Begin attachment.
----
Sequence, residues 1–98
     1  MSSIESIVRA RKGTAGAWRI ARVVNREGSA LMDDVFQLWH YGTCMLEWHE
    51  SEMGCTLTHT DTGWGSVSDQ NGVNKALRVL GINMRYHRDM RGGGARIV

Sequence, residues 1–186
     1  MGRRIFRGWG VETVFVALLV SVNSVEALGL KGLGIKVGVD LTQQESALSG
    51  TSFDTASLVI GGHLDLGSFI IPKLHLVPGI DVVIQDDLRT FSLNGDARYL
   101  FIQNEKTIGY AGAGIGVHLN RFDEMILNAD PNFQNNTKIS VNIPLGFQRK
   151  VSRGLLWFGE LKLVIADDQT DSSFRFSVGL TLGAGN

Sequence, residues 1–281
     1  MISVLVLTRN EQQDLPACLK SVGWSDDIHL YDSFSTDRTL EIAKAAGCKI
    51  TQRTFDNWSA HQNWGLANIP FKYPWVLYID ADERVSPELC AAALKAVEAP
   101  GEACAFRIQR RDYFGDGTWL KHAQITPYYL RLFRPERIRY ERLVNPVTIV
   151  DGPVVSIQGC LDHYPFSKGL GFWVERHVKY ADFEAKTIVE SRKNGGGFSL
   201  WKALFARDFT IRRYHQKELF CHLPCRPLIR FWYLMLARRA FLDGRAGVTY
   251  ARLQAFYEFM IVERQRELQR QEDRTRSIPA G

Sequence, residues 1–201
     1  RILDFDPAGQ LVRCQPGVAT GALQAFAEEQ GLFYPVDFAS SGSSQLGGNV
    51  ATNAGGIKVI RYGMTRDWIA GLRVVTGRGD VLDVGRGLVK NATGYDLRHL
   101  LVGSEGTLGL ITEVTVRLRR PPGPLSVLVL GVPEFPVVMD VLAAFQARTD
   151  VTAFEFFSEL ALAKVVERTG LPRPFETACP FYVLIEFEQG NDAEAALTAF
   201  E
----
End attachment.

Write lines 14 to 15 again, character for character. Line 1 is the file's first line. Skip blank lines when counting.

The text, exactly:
   201  WKALFARDFT IRRYHQKELF CHLPCRPLIR FWYLMLARRA FLDGRAGVTY
   251  ARLQAFYEFM IVERQRELQR QEDRTRSIPA G